[isabelle] Automation is awesome; one bibliography leads to another

This comment falls under the "Dude, this is awesome" category, and no reply is needed. I try to keep my comments to a minimum, but I make this one.

Bibliographies leading to bibliographies led me to Blanchett's "Automatic Proofs and Refutations for Higher-Order Logic" <http://www4.in.tum.de/%7Eblanchet/>.

There are developers of other provers who listen in, so this comment could also serve as a feature request from one user, me, for their products.

I've said that I don't care about automatic proving. For my purposes, whatever I prove I have to understand, so automatic proving doesn't help me unless I can be shown the automatic prover's proof, and understand the details, or have a general idea of what the prover did. My intended audience, by and large, also won't be impressed by automatic proofs. There has to be educational content in the details of my proofs, where the amount of detail has to be balanced (which, of course, requires some auto proving), but where there isn't a total absence of details.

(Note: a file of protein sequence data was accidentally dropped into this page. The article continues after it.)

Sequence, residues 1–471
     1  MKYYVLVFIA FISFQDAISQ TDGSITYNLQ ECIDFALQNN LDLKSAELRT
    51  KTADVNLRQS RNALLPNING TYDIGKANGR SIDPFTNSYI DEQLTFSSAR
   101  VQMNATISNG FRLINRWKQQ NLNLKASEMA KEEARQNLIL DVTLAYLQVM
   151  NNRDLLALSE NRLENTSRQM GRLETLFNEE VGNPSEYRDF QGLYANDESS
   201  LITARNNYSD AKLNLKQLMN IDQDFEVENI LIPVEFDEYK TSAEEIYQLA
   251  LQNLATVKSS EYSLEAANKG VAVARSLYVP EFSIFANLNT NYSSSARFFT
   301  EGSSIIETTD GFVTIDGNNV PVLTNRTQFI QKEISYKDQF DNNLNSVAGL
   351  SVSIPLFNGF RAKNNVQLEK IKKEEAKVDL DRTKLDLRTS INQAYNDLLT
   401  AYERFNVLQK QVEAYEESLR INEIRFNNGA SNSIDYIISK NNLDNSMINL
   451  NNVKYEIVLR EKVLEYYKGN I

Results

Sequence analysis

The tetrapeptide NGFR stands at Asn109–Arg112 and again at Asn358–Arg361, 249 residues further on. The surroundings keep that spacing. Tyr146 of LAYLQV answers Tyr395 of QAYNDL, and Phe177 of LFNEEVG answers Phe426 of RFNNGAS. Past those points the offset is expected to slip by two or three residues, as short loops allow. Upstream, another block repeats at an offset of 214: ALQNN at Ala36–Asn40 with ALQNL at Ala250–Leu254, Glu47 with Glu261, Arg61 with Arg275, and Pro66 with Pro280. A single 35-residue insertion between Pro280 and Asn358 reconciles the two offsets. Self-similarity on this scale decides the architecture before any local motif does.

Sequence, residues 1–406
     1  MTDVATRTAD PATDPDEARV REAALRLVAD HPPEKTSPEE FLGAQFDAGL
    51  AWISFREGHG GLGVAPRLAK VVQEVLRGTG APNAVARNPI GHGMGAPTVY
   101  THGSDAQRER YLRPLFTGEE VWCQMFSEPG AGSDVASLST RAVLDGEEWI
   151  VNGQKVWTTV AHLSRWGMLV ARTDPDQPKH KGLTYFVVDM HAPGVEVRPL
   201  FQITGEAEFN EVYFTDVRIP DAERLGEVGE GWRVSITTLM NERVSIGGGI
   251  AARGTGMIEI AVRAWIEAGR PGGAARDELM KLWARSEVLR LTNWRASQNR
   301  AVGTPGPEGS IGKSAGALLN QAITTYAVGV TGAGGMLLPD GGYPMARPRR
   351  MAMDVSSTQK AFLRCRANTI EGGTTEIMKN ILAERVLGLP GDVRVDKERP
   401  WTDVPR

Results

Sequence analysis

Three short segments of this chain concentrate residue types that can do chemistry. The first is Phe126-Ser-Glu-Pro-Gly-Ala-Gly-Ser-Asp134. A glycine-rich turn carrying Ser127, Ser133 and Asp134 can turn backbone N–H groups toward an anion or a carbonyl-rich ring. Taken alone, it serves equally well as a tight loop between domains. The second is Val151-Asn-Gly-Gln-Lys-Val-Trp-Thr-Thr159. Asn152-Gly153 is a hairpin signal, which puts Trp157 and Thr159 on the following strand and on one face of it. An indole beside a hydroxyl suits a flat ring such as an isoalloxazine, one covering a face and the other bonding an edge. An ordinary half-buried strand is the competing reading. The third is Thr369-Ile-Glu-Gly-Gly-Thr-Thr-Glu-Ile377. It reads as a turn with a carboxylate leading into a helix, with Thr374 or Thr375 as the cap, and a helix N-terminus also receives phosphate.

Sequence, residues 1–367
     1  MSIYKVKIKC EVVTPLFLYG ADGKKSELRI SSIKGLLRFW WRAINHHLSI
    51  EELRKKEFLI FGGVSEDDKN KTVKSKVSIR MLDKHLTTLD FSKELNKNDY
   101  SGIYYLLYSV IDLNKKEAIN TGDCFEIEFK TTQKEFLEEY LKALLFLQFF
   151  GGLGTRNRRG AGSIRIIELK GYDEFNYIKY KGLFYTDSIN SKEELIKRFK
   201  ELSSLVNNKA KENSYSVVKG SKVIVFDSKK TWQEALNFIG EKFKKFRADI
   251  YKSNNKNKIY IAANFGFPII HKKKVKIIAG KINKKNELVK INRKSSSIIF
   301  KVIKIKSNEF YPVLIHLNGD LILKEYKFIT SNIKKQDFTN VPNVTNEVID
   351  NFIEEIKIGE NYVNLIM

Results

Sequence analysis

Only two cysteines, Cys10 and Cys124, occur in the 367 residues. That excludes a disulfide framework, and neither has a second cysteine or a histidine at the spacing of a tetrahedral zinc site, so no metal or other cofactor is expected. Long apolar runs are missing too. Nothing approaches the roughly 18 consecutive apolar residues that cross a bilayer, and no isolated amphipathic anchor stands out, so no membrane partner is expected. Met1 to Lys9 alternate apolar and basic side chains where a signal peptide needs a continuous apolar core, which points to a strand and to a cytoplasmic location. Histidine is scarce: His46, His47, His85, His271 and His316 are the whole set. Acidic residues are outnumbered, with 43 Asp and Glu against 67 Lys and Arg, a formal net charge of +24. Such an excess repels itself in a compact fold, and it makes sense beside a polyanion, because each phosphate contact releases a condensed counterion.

On the other hand, as to counterexamples, there's no requirement that I understand anything other than that the counterexample has proven me wrong, so I'll be keeping in mind the Isabelle tools that will look for counterexamples. As Blanchett says,

Novices and experts alike can enter invalid formulas and find themselves wasting hours (or days) on an impossible proof; once they identify and correct the error, the proof is often easy.

I saw in the past a little of the results of Quickcheck, but I had forgotten about the counterexample tools.

But back to automatic proving, I'm sure it'll come in handy when I have "The Important Promising Conjecture", or even under less important circumstances. What I think I don't want, I sometimes do want.

Power is whatever you need. I had a mini-debate with someone who had no sympathy with the idea that I needed a proof assistant instead of an automatic prover. Power to him was automatic proving. Power to me was being able to specify the proof steps. I guess both are powerful, since both take a massive amount of work to implement.


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